Be Fierce: The Way Out Is In!

Sep 27, 2016 | Articles

Setting up a painting studio is hard work!

When “what is” is what is, “what is” is no longer what is. ~ J. Krishnamurti

I was once teaching a workshop at a retreat center when I arrived to find the room far from ready. There’s much work to prepare the studio for a week-long painting course — lights, protective coverings for the floors and walls, paints, brushes, paper, water, chairs — and I was dismayed to discover the condition of the studio. On top of this, they had not given us the rooms they had promised.

We had only a few hours before dinner, after which the first session would begin. My assistants and I worked nonstop until dinnertime, and we still weren’t finished. I noticed my irritation and temper growing as we hurried to complete the setup. Things I would normally let slide added more fuel to my grumpiness, and by the time everyone went to eat, I was in no mood for socializing. I went to my room alone to munch on a cold sandwich leftover from lunch.

“Great,” I thought as I sat in my funk. “Thirty people are about to come together, looking forward to meeting me, full of enthusiasm after having traveled long distances to attend, and here I am grumpy and pissed off.” I started to worry about the opening talk, feeling some performance pressure. This woke me up. It was a sure sign I was out of touch and needed to come back home. But what could I do? I was just plain angry. In fact I was fiercely angry, I felt like biting everybody’s head off.

An unfinished painting studio

Dare to Start Where You Are

As I acknowledged the anger, I realized there is a powerful energy around fierceness. I was indeed feeling fierce. I could be really fierce if I let myself be. Already this was better than feeling angry. In fact, the anger seemed to have been hiding my need to be fierce. What I really felt was bold, forceful, and unwilling to accept bullshit.

“Now I’m actually starting to like this,” I thought, “but how do I go into a new group feeling fierce? I’ll alienate everyone at the start. They’ll think I’m a bossy, controlling jerk. Well, I know enough to trust the energy. After all, that’s what I’m teaching, so let’s see what happens.” Walking to the studio it felt good to consider how fierce I could actually be.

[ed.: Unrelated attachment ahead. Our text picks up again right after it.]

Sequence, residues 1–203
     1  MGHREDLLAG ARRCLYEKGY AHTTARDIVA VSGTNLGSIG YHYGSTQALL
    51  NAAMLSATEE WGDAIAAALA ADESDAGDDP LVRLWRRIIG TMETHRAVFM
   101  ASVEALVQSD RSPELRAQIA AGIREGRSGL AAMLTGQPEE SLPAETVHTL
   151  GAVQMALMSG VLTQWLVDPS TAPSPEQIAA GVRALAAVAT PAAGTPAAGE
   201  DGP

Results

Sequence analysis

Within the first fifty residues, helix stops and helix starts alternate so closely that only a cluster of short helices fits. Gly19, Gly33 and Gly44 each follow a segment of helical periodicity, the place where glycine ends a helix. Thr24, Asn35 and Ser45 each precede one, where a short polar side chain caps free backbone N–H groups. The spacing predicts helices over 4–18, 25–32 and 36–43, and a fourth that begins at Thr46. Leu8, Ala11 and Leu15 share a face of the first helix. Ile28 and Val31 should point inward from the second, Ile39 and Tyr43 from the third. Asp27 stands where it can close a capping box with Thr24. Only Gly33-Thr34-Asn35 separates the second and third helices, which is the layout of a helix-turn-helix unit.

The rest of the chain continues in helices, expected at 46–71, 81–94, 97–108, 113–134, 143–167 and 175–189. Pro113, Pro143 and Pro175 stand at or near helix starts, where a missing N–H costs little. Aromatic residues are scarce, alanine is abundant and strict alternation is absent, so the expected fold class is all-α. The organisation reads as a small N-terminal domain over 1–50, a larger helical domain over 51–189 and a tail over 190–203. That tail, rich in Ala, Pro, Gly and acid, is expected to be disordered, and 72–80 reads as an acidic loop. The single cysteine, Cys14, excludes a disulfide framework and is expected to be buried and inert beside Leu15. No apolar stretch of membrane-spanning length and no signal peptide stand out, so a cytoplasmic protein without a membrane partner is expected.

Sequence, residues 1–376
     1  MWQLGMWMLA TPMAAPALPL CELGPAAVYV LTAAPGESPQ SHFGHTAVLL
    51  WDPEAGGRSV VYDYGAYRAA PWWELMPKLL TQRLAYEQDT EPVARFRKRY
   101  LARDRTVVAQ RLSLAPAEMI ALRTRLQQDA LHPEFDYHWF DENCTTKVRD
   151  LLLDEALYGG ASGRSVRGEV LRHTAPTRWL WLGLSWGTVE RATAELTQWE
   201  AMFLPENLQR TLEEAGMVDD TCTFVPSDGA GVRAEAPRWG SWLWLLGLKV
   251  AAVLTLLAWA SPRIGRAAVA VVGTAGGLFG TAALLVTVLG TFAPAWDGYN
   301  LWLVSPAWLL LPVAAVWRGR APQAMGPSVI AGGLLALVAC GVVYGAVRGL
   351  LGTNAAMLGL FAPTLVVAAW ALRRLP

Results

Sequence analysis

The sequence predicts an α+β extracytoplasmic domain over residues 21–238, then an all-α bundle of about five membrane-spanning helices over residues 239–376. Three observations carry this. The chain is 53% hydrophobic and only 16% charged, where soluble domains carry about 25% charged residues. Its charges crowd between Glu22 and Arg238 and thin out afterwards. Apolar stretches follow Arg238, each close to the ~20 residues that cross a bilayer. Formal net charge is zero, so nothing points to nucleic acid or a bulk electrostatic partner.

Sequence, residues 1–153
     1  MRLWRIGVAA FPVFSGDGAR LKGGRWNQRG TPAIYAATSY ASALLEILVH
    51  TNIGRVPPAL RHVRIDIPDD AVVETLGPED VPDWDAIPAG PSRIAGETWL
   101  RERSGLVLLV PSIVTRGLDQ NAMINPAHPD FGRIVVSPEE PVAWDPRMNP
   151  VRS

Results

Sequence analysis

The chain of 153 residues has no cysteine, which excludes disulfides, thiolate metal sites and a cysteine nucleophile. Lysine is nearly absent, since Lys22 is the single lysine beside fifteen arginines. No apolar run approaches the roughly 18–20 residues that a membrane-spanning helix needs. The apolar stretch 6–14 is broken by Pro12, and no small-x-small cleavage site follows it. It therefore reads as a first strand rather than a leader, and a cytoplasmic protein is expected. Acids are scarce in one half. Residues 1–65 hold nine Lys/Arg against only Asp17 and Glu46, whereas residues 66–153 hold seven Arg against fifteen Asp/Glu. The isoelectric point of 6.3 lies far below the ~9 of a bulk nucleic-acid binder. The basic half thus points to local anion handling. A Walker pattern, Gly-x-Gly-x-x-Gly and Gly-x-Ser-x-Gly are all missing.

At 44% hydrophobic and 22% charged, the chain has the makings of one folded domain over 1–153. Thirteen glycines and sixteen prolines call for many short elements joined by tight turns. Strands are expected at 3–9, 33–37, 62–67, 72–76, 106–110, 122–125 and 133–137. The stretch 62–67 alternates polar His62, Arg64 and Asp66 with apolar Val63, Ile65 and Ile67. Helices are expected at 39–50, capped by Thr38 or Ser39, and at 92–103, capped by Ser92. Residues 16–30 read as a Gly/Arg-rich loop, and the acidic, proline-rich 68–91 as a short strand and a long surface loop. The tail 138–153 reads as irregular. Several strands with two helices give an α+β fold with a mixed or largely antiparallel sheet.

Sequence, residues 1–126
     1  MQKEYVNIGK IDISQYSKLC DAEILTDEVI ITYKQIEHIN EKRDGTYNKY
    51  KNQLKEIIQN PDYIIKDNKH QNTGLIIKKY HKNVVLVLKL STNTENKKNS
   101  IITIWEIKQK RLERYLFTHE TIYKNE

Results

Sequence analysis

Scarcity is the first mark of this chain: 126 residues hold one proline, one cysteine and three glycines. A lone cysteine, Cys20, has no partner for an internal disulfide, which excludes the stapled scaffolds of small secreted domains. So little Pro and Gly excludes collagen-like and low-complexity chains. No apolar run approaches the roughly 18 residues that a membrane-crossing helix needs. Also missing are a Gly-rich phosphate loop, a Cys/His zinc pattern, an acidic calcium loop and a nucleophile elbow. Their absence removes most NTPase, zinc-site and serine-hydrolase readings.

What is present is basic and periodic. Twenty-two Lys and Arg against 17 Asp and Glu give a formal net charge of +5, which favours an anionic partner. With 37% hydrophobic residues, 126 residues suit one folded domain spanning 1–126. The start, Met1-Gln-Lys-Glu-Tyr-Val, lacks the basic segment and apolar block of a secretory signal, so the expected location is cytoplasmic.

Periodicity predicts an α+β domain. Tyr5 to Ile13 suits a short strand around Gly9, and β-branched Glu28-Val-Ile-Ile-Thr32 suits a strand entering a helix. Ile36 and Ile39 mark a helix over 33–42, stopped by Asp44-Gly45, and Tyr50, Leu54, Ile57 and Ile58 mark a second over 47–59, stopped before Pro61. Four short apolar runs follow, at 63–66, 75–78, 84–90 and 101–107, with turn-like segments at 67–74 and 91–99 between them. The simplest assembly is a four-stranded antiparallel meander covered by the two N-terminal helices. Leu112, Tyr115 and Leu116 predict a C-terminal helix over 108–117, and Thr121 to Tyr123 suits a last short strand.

It turned out the ferocity laying unexpressed and disguised as anger had a wonderful sense of humor about it. Instead of being bossy and controlling, fierceness appeared with a delightful take-no-prisoners trickster voice that kept us all on our toes for the entire week. The energy was contagious, and by the end everyone was revealing the face of their own outrageous wisdom in unique and surprising ways. I was impressed by this radical turnaround, and it supported my trust in going toward the moment.

Be Fierce: The Way Out Is In!

The Power of “Making It Worse”

“The way out is in.” I frequently offer this cryptic advice to someone who’s in a painting crisis. On one hand, I know they’re in difficulty and want out. So it appeals on that level. But it’s actually a koan of sorts, because you can’t really go in if you’re wanting out. The advice places you in an interesting quandary: It sounds good and on some level it rings true, so you have an urge to try it. But once entertained — which means moving toward that which disturbs you — a shift happens in which you’re no longer looking for the way out. The very thing you were resisting takes on a different quality, and the conflict mysteriously vanishes.

In painting, this experience is very accessible. Many images carry a disquieting feeling when they arise. It can be liberating to exaggerate these images and feelings, blowing them out of proportion. For example, you can repeat the disturbing image or color, doing way “too much” of it. If the painting appears ugly, you can make it uglier. If it’s too crowded you can stuff even more into it. If it’s meaningless and superficial, you can make it more so.

This is the power of going with the energy, and it feels good to do it. Once someone starts, I’ll often do some cheerleading. “Make it worse” I suggest. “How disgusting can it actually get? Make it more chaotic!” Given permission, the images will often fly thick and heavy, covering the painting with the offending color and shape. Released from the conflict of having to deny what’s going on in the feeling, the energy all flows together, and there’s a delight in how “bad” you can actually make it.

A deep wisdom flows through even the most objectionable circumstances, if we but stop and listen to what is truly calling us instead of just reacting. When we finally drop the pretension of knowing what should happen next and we let “what is” be what is, we are free.

The Way Out Is In: More Eyes!

More Information

This article is an excerpt from Stewart’s upcoming interactive online course, Introduction to Facilitating Process Arts. Presented in three interactive modules including video lessons and live web conferences, this course will help you incorporate the facilitation practices of process painting into your own ways of working with others. It’s designed to support therapists, art instructors, and teachers and guides of all kinds. The class will include many of the methods developed by Stewart over decades that have effectively guided people on a journey of inspiration, creativity, growth and change. 

If you’d like to receive a notice when the course becomes publicly available, please  



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